4.1.4 Modifying Already-Created Animations
Edge Animate lets you change all animations after they have been created. To
change the properties of a keyframe, simply move the playhead to the position
on the Timeline and change the property settings, either in the Property panel,
on the lane level within the Timeline, or directly on the Stage.
The duration of an animation sequence can be changed directly in the Time-
line. Your cursor displays as a hand pointer, indicating that you can move the
keyframe. Simply move one of the keyframes in an animation lane. Only the
currently selected keyframe is moved while all others remain in place. If you
want to stretch or compress an entire animation span with multiple lanes and
keyframes as a whole, select the animation track above the keyframes and use
the double-headed arrow to shorten or lengthen it. In this process, all child ani-
mations are recalculated.
. Selecting keyframes
In order to select the right keyframe,
make sure Snapping is enabled.
Otherwise, you might accidentally
select a point on the Timeline before
or after your intended keyframe,
especially when the Timeline is zoo-
med out. This creates an additional
keyframe, often creating unintended
jumps within the animation.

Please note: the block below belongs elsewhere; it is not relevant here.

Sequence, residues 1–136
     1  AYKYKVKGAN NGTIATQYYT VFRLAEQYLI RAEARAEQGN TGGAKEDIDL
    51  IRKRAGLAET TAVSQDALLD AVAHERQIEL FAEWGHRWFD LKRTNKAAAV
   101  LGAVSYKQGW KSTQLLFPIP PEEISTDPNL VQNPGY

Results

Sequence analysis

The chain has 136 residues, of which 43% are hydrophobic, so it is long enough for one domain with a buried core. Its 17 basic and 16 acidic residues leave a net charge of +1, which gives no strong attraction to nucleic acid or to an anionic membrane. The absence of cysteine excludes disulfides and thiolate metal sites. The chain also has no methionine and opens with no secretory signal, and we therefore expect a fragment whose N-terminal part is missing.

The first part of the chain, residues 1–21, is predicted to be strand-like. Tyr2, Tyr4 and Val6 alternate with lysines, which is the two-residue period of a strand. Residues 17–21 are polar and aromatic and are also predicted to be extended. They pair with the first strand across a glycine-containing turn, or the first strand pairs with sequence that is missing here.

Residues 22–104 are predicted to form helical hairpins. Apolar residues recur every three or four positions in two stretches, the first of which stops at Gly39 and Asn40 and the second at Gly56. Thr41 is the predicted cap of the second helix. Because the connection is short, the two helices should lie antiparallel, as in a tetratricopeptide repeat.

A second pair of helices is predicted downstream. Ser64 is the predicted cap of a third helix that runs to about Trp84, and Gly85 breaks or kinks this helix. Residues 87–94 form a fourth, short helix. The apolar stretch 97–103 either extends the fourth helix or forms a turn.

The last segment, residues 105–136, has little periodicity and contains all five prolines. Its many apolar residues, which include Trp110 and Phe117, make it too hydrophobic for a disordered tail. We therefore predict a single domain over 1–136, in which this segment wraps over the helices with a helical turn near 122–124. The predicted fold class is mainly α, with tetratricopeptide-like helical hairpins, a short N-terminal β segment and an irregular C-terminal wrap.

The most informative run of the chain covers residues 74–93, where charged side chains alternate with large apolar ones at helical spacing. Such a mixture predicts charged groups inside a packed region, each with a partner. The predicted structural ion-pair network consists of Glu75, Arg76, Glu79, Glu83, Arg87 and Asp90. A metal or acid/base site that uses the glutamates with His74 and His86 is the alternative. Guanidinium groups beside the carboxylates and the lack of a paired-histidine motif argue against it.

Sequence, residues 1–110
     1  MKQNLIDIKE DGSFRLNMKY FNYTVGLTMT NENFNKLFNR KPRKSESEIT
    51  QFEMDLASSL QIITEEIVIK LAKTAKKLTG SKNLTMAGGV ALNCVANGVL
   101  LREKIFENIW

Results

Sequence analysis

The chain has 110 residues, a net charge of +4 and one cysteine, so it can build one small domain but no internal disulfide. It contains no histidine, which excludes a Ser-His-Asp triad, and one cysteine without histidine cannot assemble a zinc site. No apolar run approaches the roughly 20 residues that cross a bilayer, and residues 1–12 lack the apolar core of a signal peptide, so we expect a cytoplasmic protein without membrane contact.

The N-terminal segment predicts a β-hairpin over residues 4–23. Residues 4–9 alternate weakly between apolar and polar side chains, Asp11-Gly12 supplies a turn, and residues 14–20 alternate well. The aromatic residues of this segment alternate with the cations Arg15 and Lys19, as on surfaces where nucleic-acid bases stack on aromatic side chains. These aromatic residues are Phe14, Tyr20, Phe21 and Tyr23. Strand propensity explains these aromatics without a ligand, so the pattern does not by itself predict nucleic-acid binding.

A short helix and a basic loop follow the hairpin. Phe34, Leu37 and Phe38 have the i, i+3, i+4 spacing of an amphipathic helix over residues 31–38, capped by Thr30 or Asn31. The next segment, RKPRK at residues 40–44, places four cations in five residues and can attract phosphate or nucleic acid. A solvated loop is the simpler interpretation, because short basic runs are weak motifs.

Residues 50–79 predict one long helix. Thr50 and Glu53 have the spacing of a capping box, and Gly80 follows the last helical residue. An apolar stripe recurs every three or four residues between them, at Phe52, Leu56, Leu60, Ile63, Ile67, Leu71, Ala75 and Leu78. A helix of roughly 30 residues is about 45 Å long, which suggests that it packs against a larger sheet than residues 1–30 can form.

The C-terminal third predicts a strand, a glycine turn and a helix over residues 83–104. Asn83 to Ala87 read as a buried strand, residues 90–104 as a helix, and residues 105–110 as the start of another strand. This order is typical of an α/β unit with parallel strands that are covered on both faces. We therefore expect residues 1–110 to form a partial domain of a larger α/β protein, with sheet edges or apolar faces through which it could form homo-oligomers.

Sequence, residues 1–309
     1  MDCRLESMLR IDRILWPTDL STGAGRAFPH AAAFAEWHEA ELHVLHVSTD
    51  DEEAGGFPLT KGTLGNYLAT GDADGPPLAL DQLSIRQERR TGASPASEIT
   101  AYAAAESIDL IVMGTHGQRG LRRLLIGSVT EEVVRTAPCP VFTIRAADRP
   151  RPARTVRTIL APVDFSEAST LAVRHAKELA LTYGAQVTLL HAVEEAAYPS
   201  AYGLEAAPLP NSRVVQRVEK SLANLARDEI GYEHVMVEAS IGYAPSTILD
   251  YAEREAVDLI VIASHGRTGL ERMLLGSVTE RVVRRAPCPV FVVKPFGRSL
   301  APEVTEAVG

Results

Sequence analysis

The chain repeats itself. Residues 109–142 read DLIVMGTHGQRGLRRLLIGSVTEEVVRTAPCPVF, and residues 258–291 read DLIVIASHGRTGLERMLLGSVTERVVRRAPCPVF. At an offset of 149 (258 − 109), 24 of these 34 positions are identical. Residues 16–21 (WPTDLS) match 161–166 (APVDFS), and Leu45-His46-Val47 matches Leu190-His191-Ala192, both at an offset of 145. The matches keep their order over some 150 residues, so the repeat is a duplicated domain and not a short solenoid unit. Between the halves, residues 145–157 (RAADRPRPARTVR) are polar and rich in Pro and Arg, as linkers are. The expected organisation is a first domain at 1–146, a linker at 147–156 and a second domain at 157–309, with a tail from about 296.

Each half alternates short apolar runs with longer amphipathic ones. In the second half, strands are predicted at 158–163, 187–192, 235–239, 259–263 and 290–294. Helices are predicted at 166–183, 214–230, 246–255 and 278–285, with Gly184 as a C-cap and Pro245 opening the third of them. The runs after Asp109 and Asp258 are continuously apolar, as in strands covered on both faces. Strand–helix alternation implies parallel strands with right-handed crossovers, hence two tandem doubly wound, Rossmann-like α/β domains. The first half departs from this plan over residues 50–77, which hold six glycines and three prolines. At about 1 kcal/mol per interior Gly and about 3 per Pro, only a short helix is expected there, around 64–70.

The timing of an animation can be
changed directly in the Timeline with
various sliders and cursors
4.2 Non-Linear Animation—Easing
The techniques we have covered thus far can already produce more complex
animations, but you will quickly notice that the animations often feel lifeless or
unnatural. This is because the standard linear interpolation used to create the
animations makes them look very mechanical. A linear interpolation calculates
the intermediate values between two keyframes so that they are evenly spread.
Thus, an animation begins at full speed, retains its initial tempo, and then ends
abruptly. Such animations appear unnatural because linear motion hardly ever
occurs in real life. In most cases, we are dealing with much more complex
movements that involve acceleration and deceleration. When an object moves,
a change to its state takes place, which, in animation, is known as easing. While
linear movement looks mechanical, acceleration from stillness and the subse-
quent deceleration back to stillness convey naturalness. The following section
covers how to simulate these processes. To change the tempo of an animation
span, so-called easing equations are used, which are the basis for calculating
intermediate values between states.